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Planning an Outdoor Block Party in 4 Easy Steps

Posted July 26, 2018

Planning an Outdoor Block Party in 4 Easy Steps

An American tradition, the block party is a fun way to get to know your neighbors, whether you’re the “new kids on the block” or have lived in your community for years. And you don’t need a special occasion to organize an outdoor community block party — summer is as great a reason as any!

You can even host a party in Mary McCormick Park or Deer Park.  Here is a list to help you out. So why not take advantage of the gorgeous weather and get your neighbors together? If you want your block party to be a hit — and who doesn’t?

There are so many things to think about, you’ll want a committee who can split up the responsibilities. These are some examples of jobs that you can divvy up:

·      Logistics — this catch-all committee can be tasked with things like creating and delivering invitations; finding furniture, decorations and extras like garbage cans; and deciding on the location.

·      Setup — these are the folks who are going to make sure the selected location is properly staged and ready, will set up tables and decorations, will designate locations for garbage cans and so on.

·      Food — this group is in charge of making sure there’s enough food planned, scouting for barbecues if needed, providing the beverages etc.

·      Entertainment — this group is responsible for games and activities for both kids and adults.

·      Cleanup — last but not least, this group makes sure that everyone goes home with their (hopefully empty) serving ware, that all the trash gets picked up and disposed of, and that the block is left in top shape.


1.    Scout the perfect location

·      Check with the McCormick HOA. Mary McCormick Park or Deer Park is a great location for a block party offering sports courts and playgrounds – perfect for all ages.

·      Know any applicable rules or regulations, such as those related to noise.

·      Choose a location that’s going to be least disruptive for traffic, like a cul-de-sac. Or, perhaps one of the neighbors has a large yard or open space on the property that could accommodate a few dozen people?

·      The block you choose should have several usable driveways — so you can stage different things like barbecue areas, food stations, kids games etc.

2.    Make the menu fabulous

Summer is synonymous with barbecue, and freshly grilled hamburgers and hotdogs certainly add a nice touch. But this may complicate logistics, so ask yourself these questions:

·      Will you have enough people to take turns barbecuing, or can you bring in outside help so all neighbors can participate in the festivities?

·      Will you need to rent a commercial-size grill, or will several neighbors be bringing theirs?

·      Do you have an area that can accommodate a grill (or several)?

Potluck is an easy way to supplement a barbecue or replace one altogether. If you want the food to be a hit, don’t just tell everyone to bring something to share, however — there’s only so many potato salads a person can eat, after all.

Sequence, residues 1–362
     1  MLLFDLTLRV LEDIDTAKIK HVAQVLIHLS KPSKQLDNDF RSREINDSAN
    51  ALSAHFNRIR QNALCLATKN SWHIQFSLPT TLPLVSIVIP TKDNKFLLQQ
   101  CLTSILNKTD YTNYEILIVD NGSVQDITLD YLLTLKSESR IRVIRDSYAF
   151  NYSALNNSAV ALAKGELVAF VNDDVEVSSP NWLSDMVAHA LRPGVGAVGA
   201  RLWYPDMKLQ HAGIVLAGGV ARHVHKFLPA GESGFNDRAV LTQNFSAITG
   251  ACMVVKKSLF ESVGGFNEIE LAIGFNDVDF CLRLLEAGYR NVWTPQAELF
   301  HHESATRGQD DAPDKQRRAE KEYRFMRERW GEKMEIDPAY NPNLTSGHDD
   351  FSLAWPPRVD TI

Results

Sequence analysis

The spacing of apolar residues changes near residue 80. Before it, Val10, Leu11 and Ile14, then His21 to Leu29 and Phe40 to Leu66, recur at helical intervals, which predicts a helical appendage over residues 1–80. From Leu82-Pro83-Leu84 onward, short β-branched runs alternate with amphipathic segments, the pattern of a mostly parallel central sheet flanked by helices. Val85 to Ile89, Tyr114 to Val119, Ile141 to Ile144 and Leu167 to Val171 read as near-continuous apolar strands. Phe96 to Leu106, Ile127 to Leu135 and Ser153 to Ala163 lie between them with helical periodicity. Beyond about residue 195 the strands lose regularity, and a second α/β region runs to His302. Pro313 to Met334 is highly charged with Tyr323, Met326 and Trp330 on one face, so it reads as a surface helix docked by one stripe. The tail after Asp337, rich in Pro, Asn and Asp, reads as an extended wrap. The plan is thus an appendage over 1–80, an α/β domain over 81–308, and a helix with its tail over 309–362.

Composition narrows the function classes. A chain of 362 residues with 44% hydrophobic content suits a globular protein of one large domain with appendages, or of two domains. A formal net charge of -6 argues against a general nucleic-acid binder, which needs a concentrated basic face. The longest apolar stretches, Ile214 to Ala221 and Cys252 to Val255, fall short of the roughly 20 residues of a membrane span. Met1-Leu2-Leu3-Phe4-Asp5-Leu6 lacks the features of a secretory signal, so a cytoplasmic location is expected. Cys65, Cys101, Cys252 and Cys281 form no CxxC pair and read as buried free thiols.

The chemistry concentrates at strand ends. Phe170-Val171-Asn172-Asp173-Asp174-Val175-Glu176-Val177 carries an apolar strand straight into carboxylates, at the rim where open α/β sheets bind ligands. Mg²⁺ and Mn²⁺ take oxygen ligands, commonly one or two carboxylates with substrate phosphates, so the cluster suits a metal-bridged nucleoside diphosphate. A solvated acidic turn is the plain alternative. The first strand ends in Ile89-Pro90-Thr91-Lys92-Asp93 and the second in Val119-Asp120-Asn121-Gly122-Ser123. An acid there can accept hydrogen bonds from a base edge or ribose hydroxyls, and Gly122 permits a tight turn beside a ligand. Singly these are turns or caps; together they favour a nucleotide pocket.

·      Split up the neighborhood into sections and have each bring a specific type of food. Ideas include salads, finger foods or appetizers, and desserts. You can even designate one neighborhood section to provide tableware (cups, napkins, forks, etc.) but make sure these neighbors coordinate so you don’t end up with nothing but napkins.

·      If you don’t want to give food assignments, ask people to RSVP and include what they’ll bring. Then your food committee can track the RSVPs and provide additional food to fill the gaps.

·      If you really want everyone to get creative, choose a theme but don’t make it too complicated — your neighbors won’t love it if they have to spend hours getting ready for the party.

·      Take the mystery out of foods by creating a simple food-labeling system and asking everyone bringing food to write their dish description on the label.

3.    Don’t forget furniture, decorations and extras

A few basic things your party needs include tables for staging the food, chairs, garbage and recycling cans, and some basic decorations.

Here are some other ideas:

·      If you’ve staged your party so there are lawn areas available, invite people to eat on the lawn. Just make sure your cleanup crew checks the lawn for leftovers — no need to invite raccoons or other post-party guests to your neighbor’s yard.

·      Ask the neighbors who live in the immediate area to bring extra chairs.

·      Designate a volunteer with a truck to drive around and collect everyone’s (labeled) chairs just before the party — that way people don’t have to haul them for a few blocks, especially if you have families with little kids or elderly neighbors. Have a staging spot where everyone can collect their chairs.

·      Have a plan for how you’ll dispose of the garbage and recycling.

·      You don’t need much décor at a block party, but some simple touches like balloons can add a festive atmosphere.

4.    Activities

Chatting and socializing is going to be the primary activity at a community block party — since that’s the whole point — but you’ll still want to have activities for adults, not just for kids.

·      Let neighbors volunteer their talents. Is someone an artist who could do face painting? Is there a musician who can bring along the guitar?

·      Think of multigenerational activities like water balloon races.

·      When planning for kids’ activities, don’t forget there will likely be different age groups.

For stress-free planning, your committee should have at least 2 to 3 weeks to get all the ducks together. That means time will be running out soon for a summer party — so what are you waiting for? For more fun ideas, check out our Block Party Ideas board on our Pinterest page.

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